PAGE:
Jay Richards and James Robison, co-authors of Indivisible: Restoring Faith, Family and Freedom Before It's Too Late, analyze the Chick-fil-A controversy on the WSJ site:
campaign against Chick-fil-A may be a more ominous attack on religious
freedom than the Affordable Care Act's mandates. ObamaCare would force
millions of Americans to fund actions they find morally reprehensible
but leaves them free to denounce it. The chicken inquisition, by
contrast, directly targets religious speech itself. ...
Cathy and many other Americans see marriage as a sacred institution. As
a result, the campaign against Mr. Cathy is not just an attack on
speech but on religious speech.
Irresponsible parties have referred to Chick-fil-A's "discrimination" and "anti-gay policies." There are no such policies. Gay
customers and employees are not tossed out of Chick-fil-A restaurants.
Mr. Cathy has expressed no animosity toward gays. He has not even
referred to same-sex marriage.
simply articulated the historical Christian view of marriage, the same
one President Obama endorsed until just a couple of months ago. For
that thought crime, Mr. Cathy is now the target of a conspiracy of
Read the entire piece. For more about Indivisible, visit the book's website. Also see my June 12, 2012, CWR interview with Jay Richards; here is part of that interview:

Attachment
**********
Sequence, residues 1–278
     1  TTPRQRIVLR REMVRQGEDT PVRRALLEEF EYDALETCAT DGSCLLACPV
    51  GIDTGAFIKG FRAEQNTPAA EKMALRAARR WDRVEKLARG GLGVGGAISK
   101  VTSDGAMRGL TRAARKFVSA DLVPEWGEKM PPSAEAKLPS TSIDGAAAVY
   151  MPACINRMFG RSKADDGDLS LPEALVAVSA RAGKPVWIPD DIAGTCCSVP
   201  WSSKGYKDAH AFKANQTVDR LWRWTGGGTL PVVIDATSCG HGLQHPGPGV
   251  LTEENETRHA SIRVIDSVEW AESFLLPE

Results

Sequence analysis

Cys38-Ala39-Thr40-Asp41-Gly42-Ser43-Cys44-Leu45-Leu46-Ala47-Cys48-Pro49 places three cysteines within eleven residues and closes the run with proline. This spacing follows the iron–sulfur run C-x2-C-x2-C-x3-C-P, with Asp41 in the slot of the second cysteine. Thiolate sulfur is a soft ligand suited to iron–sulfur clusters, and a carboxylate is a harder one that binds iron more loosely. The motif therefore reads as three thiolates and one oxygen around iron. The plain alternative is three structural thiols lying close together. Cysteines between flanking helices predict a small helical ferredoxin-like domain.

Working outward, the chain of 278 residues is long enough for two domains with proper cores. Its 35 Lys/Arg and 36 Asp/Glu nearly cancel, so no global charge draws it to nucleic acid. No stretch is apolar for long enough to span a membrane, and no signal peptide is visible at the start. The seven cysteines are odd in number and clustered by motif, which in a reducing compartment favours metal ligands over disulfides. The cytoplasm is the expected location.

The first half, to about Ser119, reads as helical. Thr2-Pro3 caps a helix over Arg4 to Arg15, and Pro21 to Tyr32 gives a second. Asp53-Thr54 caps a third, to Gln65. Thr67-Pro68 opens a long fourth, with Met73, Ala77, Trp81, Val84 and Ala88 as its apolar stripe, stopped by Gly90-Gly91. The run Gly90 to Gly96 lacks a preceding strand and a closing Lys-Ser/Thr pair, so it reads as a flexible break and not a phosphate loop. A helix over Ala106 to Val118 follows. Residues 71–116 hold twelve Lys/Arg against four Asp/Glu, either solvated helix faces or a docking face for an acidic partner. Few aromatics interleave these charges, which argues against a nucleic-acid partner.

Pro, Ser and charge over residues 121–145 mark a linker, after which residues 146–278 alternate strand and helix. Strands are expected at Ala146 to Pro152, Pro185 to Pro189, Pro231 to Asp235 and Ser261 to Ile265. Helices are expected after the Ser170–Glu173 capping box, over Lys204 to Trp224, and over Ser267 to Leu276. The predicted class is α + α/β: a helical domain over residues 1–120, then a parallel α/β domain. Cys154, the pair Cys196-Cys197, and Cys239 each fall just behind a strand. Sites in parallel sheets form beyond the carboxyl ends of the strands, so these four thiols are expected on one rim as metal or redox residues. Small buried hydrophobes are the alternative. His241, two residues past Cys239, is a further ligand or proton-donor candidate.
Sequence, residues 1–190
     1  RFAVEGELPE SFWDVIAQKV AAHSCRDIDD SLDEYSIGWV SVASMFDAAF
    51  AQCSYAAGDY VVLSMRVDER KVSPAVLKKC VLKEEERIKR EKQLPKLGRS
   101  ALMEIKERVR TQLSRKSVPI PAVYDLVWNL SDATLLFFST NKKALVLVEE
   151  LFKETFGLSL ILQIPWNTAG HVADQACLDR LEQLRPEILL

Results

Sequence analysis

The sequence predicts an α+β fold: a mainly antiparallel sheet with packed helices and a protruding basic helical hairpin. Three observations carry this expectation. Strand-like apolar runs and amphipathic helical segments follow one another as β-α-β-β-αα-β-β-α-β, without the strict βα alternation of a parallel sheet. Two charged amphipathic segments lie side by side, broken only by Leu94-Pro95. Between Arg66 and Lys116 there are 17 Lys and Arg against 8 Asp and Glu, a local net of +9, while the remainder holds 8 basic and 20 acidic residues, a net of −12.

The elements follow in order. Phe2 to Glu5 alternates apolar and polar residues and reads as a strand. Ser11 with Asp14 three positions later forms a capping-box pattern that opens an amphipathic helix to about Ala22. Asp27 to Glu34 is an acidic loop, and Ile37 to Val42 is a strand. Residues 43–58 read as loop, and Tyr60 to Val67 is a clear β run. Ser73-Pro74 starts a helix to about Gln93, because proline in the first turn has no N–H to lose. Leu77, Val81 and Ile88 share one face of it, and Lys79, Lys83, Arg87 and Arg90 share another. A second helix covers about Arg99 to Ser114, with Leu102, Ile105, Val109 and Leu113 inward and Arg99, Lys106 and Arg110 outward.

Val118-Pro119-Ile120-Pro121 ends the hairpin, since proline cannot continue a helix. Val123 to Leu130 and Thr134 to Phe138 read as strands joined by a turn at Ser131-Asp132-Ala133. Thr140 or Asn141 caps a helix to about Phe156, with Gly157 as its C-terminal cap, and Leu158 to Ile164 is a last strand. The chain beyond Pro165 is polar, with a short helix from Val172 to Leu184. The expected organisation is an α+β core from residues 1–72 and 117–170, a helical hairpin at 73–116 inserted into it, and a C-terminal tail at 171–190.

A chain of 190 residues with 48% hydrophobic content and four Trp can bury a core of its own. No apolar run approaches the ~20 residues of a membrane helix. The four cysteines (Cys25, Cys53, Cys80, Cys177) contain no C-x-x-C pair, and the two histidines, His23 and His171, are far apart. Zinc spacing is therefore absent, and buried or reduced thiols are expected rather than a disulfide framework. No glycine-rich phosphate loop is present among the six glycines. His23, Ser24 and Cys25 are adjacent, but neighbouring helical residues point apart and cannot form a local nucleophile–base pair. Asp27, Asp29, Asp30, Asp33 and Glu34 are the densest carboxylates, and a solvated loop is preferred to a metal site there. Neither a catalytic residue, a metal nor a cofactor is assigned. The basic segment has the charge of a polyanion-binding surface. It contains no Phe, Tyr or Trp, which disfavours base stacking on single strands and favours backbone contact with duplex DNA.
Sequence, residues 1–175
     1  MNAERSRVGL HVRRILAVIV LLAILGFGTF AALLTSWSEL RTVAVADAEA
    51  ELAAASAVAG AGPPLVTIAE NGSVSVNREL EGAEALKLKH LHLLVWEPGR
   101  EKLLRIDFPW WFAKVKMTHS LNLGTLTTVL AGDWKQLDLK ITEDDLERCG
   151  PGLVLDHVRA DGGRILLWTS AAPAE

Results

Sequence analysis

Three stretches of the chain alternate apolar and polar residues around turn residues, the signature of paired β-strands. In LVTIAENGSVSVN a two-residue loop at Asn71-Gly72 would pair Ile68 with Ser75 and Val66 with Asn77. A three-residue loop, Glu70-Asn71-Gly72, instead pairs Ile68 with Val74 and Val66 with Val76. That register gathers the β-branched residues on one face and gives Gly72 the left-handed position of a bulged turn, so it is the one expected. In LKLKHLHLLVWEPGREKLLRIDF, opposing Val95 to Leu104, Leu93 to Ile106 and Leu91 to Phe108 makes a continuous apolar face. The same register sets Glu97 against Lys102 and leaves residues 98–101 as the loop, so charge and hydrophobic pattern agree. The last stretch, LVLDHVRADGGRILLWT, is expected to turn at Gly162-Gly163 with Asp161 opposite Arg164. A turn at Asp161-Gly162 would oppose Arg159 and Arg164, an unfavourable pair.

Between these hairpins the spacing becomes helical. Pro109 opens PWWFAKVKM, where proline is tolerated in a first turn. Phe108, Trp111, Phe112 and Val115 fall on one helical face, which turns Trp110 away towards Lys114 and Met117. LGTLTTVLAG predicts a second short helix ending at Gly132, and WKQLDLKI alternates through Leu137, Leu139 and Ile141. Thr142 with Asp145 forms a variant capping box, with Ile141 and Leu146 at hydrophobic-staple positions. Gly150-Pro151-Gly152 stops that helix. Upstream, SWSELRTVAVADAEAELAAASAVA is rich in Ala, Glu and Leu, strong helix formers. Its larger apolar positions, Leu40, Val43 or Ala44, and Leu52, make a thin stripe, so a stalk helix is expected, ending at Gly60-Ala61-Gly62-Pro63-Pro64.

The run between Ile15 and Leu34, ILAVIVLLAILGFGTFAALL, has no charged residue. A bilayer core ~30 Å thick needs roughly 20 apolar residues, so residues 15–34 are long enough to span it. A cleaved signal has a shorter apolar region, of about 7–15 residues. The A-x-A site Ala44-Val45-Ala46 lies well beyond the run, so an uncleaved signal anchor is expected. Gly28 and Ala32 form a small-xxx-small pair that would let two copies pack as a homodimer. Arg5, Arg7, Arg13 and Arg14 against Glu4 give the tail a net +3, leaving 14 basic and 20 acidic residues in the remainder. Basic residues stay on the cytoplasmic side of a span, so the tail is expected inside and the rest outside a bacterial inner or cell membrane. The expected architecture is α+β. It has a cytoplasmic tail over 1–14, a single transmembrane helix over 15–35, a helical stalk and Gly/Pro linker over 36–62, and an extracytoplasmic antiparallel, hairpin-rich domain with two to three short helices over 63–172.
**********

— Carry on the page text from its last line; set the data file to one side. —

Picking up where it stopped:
Catholic World Report:
One often hears and reads the lament that our country is “too
polarized and divided” and needs to “get past partisan differences”? Is
that legitimate complaint? Or do the divides indicate real and
substantially different perspectives that cannot be reconciled?
should do our best to avoid vitriol and stick to rational arguments.
But partisanship is hardly unique to our day. If you doubt that, read
up on the election of 1800 between John Adams and Thomas Jefferson!
Too often, when people decry partisanship, they are either not thinking
very carefully or really mean that we should quit arguing and do what
The truth is, many of today’s political differences
reflect real, underlying disagreements not only about policies, but
about fundamental principles. We debate subjects such as the definition
of marriage, which would never have occurred to previous generations.
The worst way to deal with those differences is to pretend they don’t
exist. I’m old-fashioned enough to believe in reason and evidence, and I
think the best way to resolve our differences politically is to have a
fair and honest debate in full public view.
Catholic World Report: What can ordinary citizens do to both preserve authentic freedom and restore basic values and virtues?
anything, we should pray and pursue holiness. Our culture is far more
than our politics. If individuals and communities are transformed by
the Holy Spirit, that will have political effects.
At the same time, the current assault on religious freedom should compel us to political action. So we should:
Get informed. Learn the fundamental principles on which good policies are based. (See here for more details.) Spend time thinking about how to translate these principles into policy.
Stand together with fellow believers and lovers of liberty, and stand
firm. If millions of us stand together in unity and refuse to comply
with the mandate, it will fail. But let’s remember the key strategy of
the opposition: To divide us and get us arguing amongst ourselves. We
must not fall for this.
theologian Dietrich Bonhoeffer said, “Not to stand is to stand. Not to
speak is to speak.” If we stand here and now, we can still turn the
Read the entire interview.